Are We Doing ‘Good’?
Organizations that want to truly know how they’re doing with digital workplace efforts should ask themselves a few simple questions, Grissom said. Are we making knowledge workers catch up on emails at night from home, put in a good two to four hours over the weekend to prepare for the upcoming week and expecting them to get things done anywhere on their mobile phones? Or are we providing an environment that allows them to flourish and execute during actual work hours?
Related Article: Why the Golden Circle Is Relevant for the Digital Workplace
Quest for a Unified Experience
It often isn’t easy to provide the unified, simple employee experience in the digital workplace. Kishore Rajaraman, who heads up digital transformation in human resources for Microsoft, said employees often find themselves in “multiple fragmented experiences.” New hires sometimes don’t know where to go to find what they need. They have log-in problems. With onboarding as the organization’s first impression for employee experience, Rajaraman said it’s critical to get this right. And as a digital workplace practitioner, that’s where his focus is right now.
“I definitely got a good sense where everyone is and the common challenges,” Rajaraman told CMSWire. “There are silos that are difficult to maintain.”
User Experience Needs to Be Baked In from Day 1
If there is money that should better be spent in the digital workplace, it should be put toward user experience and design, said Stacey Blissett-Saavedra, CIO of the New York City Commission on Human Rights. Blissett-Saavedra works with an internal technology team in her division, New York City’s central team of IT professionals and technologies, and a rotating slate of vendors and contractors.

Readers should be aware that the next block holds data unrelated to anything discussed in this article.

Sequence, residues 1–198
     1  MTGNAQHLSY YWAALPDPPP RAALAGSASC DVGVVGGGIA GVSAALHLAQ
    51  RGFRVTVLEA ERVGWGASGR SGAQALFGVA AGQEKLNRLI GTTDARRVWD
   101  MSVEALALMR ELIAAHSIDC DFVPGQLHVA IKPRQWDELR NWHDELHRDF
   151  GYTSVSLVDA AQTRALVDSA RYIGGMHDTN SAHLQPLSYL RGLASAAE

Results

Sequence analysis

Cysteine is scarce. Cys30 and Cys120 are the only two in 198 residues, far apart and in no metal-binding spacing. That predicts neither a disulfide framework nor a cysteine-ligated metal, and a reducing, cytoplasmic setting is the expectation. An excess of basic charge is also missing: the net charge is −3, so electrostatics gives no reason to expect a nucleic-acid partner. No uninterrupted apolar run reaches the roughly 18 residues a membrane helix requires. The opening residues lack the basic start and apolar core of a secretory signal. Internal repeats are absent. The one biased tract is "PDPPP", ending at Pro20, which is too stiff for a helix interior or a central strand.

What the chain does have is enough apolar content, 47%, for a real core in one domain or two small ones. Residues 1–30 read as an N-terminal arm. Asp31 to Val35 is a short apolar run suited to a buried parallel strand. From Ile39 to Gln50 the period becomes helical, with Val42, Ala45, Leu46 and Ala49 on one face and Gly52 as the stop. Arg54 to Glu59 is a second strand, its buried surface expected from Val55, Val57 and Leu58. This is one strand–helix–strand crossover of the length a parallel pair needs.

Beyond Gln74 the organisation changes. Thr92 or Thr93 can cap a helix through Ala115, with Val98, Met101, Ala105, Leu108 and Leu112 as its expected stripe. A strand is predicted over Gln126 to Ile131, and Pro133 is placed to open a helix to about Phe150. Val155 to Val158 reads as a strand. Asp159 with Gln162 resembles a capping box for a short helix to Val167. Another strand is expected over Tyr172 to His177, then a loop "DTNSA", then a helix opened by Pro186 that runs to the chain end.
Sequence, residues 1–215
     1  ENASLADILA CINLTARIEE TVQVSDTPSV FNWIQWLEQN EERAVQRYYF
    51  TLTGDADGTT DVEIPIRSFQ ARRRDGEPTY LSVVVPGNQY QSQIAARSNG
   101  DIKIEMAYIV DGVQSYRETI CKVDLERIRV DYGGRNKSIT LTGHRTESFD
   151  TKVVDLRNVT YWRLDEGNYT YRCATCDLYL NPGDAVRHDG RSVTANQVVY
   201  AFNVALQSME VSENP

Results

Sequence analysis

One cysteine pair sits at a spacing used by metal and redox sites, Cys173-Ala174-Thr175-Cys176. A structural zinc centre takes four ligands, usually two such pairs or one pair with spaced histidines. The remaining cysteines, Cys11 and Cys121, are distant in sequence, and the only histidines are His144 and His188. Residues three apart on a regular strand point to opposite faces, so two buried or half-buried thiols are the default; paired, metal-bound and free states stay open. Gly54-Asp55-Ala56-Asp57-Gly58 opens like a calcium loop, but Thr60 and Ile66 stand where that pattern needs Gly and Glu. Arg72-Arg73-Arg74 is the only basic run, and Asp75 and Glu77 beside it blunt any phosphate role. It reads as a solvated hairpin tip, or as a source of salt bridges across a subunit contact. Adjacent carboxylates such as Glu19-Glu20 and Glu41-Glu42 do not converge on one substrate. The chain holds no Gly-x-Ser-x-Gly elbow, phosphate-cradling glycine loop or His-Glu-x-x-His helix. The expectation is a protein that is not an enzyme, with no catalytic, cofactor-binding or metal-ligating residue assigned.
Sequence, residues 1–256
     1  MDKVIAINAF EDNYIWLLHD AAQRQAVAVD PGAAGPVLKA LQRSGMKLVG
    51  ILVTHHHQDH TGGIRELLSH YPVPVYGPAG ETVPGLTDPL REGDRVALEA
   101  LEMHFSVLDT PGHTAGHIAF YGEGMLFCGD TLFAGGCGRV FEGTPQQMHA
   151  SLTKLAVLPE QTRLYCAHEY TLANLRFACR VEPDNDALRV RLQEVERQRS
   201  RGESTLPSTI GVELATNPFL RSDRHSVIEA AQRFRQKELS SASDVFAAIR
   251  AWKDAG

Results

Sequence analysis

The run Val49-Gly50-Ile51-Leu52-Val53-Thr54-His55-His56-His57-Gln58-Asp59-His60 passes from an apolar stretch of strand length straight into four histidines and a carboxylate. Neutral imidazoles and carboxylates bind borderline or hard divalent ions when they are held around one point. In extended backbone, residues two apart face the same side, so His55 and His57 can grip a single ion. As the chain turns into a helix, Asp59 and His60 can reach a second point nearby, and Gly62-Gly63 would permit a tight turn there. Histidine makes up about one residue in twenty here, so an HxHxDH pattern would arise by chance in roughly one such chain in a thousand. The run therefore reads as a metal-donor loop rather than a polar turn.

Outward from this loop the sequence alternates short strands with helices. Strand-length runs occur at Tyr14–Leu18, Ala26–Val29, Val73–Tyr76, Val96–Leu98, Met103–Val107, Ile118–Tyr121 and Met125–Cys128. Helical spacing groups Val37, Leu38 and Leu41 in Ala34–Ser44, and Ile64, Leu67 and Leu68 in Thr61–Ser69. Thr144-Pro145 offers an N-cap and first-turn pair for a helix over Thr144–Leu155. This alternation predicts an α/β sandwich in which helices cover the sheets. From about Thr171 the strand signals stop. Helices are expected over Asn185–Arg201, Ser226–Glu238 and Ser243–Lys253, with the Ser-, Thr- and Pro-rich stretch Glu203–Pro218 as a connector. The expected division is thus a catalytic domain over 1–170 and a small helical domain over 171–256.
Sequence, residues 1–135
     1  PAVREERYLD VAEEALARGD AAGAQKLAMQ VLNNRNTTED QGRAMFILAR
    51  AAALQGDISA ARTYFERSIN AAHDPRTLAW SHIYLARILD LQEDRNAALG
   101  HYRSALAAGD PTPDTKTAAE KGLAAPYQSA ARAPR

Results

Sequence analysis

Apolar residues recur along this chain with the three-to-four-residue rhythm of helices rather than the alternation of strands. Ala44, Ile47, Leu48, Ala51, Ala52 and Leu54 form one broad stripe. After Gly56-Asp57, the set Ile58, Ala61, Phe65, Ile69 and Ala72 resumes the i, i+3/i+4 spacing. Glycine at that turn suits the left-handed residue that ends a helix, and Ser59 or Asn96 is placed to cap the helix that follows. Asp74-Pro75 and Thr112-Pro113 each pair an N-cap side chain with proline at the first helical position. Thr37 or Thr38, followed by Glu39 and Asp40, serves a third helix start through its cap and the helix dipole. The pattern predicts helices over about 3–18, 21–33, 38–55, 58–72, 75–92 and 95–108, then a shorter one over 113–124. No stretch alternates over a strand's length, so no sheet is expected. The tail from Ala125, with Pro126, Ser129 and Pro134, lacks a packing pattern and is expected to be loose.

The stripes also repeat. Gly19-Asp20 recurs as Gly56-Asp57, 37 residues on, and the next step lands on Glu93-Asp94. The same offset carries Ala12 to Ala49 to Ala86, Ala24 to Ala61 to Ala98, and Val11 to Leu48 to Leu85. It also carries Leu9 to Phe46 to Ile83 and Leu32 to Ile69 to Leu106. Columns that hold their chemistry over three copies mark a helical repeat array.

User experience is sometimes “under-represented” in her digital workplace. Designing solutions is “where we suffer the most.” Why? Because, Blissett-Saavedra said, “when we look at solutions we want to get the solutions out there. And we forget sometimes that in order to make it really successful we have to spend the money in design and UX. We do some research in usability, but the investment in UX is always after the fact. It needs to be incorporated through the entire process.”
Blissett-Saavedra has a design background and acted as director of creative production at a former organization. She encourages IT professionals to seek knowledge and training in design thinking so that it becomes intrinsic in digital workplace strategy.
Related Article: How to Design an Effective Digital Innovation Campaign
Adoption Only Succeeds When You Stick With It
Beth Kern, communications operations planning manager at John Deere, said digital workplace leaders need to “step up our role” and help software rollouts in organizations become less of a “push and move on” approach.
Kern plans to focus on getting employee input upfront to make for better deployments and systems of engagement. And then during and post-deployment, helping employees with change management and communication. “You run an agile sprint, but don’t just walk away after the sprint is done,” Kern said. “Keep it going. How do you get adoption to be successful?”
Employees don’t care if a new system or strategy in the digital workplace comes from HR or IT. They just want to know how it impacts them, how they should use it and what familiar tool they might lose as a result.
“You gave me Office 365 and you told me what to do with it through one email,” Kern said. “And you’re telling me you're going to take away my shared drive. So how do I use OneDrive instead? Let’s talk about this instead of just turning it off. That's something I'm learning.”